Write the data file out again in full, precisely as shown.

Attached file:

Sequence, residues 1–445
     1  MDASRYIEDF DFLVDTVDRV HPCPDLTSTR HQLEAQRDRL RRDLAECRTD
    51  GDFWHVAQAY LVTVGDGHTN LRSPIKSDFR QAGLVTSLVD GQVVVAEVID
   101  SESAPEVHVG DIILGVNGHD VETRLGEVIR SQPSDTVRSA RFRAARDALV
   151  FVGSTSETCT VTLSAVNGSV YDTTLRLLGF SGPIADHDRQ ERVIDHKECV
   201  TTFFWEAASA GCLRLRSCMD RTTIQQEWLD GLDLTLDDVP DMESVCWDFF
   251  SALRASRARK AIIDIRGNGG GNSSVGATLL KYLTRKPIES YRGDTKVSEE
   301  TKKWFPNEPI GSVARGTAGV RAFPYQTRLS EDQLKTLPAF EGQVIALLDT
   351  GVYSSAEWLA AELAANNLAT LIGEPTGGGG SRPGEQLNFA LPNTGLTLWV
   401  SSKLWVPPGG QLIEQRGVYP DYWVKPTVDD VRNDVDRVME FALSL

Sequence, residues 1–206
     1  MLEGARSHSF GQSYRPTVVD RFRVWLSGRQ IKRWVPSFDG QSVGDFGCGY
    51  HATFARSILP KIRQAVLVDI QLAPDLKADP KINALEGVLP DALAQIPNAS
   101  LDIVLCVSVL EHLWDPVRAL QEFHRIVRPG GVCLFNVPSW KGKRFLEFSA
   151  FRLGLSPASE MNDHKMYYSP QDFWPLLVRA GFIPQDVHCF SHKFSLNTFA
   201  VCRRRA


Sequence, residues 1–445
     1  MDASRYIEDF DFLVDTVDRV HPCPDLTSTR HQLEAQRDRL RRDLAECRTD
    51  GDFWHVAQAY LVTVGDGHTN LRSPIKSDFR QAGLVTSLVD GQVVVAEVID
   101  SESAPEVHVG DIILGVNGHD VETRLGEVIR SQPSDTVRSA RFRAARDALV
   151  FVGSTSETCT VTLSAVNGSV YDTTLRLLGF SGPIADHDRQ ERVIDHKECV
   201  TTFFWEAASA GCLRLRSCMD RTTIQQEWLD GLDLTLDDVP DMESVCWDFF
   251  SALRASRARK AIIDIRGNGG GNSSVGATLL KYLTRKPIES YRGDTKVSEE
   301  TKKWFPNEPI GSVARGTAGV RAFPYQTRLS EDQLKTLPAF EGQVIALLDT
   351  GVYSSAEWLA AELAANNLAT LIGEPTGGGG SRPGEQLNFA LPNTGLTLWV
   401  SSKLWVPPGG QLIEQRGVYP DYWVKPTVDD VRNDVDRVME FALSL

Sequence, residues 1–206
     1  MLEGARSHSF GQSYRPTVVD RFRVWLSGRQ IKRWVPSFDG QSVGDFGCGY
    51  HATFARSILP KIRQAVLVDI QLAPDLKADP KINALEGVLP DALAQIPNAS
   101  LDIVLCVSVL EHLWDPVRAL QEFHRIVRPG GVCLFNVPSW KGKRFLEFSA
   151  FRLGLSPASE MNDHKMYYSP QDFWPLLVRA GFIPQDVHCF SHKFSLNTFA
   201  VCRRRA